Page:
A main point of the Paleo Diet is cutting out grains, because our bodies haven’t developed to digest these properly, which explains the prevalence of gluten intolerance. Those suffering from celiac allergies are able to cut out gluten and eat a healthy diet through the paleo diet. The paleo diet has also helped reduce people’s symptoms who suffer from autoimmune diseases, along with various other conditions. Some people theorize that a root cause of many diseases lies in our incorrect diet, so switching to the paleo diet can help fix these issues. You’ll also take-in less sugars on the paleo diet, which can fight obesity and many other health issues, such as tooth decay, high blood pressure, and diabetes. Paleo is still gaining steam, but those who follow the diet sing its praises and swear that it’s the best diet for any human.

What are your thoughts? What fad diets have you tried over the last few years (or decades)?

Photo of a steak on a bed of rosemary

Paleo Diet Secrets: 5 Tips to Survive and Enjoy Your First Month

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If cutting calories is not an aspect of dieting that you particularly enjoy, the Paleo Diet just may be the diet you’ve been looking for. Based on the types of food our ancient ancestors ate, this unique approach to eating healthier promotes optimal immune function, stronger muscles, and healthy bones through foods like grass-fed meat, seafood, fresh fruits and vegetables, eggs, nuts, and healthy oils.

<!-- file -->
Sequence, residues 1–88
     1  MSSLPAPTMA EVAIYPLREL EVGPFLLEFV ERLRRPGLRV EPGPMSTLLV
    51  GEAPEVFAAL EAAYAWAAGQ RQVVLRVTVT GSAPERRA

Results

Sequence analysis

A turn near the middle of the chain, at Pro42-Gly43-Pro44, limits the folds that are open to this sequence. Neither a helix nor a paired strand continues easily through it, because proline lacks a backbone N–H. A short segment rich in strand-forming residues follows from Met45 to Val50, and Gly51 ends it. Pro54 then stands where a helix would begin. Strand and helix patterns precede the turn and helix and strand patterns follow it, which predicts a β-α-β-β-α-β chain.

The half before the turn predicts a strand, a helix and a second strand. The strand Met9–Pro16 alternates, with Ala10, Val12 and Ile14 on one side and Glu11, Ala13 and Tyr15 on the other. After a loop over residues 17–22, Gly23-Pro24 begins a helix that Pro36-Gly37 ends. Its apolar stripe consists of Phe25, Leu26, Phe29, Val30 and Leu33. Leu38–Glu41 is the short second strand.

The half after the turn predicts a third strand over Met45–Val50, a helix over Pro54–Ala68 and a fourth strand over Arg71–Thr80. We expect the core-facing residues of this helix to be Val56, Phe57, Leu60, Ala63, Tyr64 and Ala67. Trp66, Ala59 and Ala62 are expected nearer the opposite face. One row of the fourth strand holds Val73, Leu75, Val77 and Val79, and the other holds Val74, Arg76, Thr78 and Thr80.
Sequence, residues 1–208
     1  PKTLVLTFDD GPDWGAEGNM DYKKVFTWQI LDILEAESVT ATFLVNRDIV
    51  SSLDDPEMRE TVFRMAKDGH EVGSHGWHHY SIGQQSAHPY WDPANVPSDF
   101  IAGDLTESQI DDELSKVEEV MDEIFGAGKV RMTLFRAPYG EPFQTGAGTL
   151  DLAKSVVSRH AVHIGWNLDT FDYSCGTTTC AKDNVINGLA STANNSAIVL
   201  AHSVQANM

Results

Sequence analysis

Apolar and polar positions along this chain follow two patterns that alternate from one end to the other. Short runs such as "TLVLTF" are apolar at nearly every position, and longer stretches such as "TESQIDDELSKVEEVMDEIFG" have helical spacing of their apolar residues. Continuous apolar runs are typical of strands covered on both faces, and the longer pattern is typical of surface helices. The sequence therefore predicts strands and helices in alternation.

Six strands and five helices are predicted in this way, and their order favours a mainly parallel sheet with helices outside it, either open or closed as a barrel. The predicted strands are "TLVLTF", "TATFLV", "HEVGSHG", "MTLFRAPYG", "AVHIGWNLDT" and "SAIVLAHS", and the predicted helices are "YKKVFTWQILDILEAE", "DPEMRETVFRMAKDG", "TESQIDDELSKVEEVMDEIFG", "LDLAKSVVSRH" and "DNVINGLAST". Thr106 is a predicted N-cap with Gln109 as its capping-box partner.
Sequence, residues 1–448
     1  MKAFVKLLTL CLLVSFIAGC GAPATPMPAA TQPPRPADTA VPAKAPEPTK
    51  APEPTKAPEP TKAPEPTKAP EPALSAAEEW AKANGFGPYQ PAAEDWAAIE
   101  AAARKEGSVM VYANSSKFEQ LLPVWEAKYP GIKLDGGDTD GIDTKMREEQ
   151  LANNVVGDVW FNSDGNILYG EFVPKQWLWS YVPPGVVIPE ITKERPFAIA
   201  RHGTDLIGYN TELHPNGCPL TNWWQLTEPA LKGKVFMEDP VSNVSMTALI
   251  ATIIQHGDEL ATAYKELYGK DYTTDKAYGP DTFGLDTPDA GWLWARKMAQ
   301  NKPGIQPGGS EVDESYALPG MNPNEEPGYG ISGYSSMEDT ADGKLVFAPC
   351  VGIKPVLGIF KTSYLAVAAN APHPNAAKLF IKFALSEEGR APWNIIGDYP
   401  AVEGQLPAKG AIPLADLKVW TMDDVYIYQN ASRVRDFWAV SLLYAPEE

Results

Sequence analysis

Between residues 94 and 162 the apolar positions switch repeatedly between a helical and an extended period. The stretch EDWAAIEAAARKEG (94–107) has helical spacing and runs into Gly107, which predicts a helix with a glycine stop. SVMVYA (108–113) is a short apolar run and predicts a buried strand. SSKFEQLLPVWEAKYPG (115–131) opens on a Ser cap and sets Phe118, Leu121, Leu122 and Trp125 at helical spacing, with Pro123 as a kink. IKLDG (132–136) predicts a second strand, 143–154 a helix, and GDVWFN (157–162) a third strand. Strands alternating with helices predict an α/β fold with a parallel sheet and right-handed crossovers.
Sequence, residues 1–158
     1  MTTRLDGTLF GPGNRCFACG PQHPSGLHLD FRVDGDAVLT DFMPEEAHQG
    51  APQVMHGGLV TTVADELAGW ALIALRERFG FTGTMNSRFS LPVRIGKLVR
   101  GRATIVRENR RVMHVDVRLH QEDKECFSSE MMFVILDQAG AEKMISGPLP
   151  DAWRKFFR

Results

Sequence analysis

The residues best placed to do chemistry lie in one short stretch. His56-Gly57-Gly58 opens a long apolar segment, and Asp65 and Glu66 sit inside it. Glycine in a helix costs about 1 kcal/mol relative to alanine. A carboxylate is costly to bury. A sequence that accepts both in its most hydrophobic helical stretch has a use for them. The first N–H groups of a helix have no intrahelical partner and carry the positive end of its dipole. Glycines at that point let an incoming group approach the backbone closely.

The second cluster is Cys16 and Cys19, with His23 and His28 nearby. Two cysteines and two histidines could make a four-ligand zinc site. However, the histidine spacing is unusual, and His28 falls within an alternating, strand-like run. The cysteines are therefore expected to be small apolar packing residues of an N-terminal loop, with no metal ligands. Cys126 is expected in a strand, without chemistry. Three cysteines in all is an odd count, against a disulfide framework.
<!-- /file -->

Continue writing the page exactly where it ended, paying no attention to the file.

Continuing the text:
This may seem like a difficult diet to maintain, but with the following tips on how to properly manage your first month, you’ll be able to develop healthy eating habits that could last a lifetime.

Budget your trips to the grocery store

Introducing non-processed foods and organic meats into your diet can rack up a pricey grocery bill. Be sure to write down what you plan to buy before entering the store, and set a price limit. A simple mistake first-time dieters tend to make is spending much more on expensive products because they fall under the category of “what to eat.” Research the least expensive foods that still fulfill your diet needs, and don’t go overboard.

Prepare meals the night before

If you are following this diet while contributing to the working world, first of all, hats off to you. To make your life a little easier, make any lunches or snacks that you plan to eat the next day the night before. This not only saves time but can build a healthy routine that could contribute to the successes of your diet in the long run.

Snack in between meals

Cutting carbs and dairy products out of your typical diet commonly leads to feeling hungry more often in the early stages. Luckily, the Paleo Diet allows you to eat a snack in between breakfast and lunch, and again before dinner. Your best choices for these mini-meals could be sliced lean beef, seasonal fruit, sliced apples, or raw nuts.

Exercise

The best way to see results faster from this diet is to exercise on top of it. In addition to improving results of the diet, this is an extremely healthy lifestyle habit to develop. Even if your day is a little too busy to squeeze in a quick workout, exercising just three to five times a week is sufficient.

Get creative!

Just because you’re dieting doesn’t mean every one of your meals must be bland and tasteless. Take advantage of all the foods you are able to eat, and find some fun recipes online, or come up with your own. Your options are endless!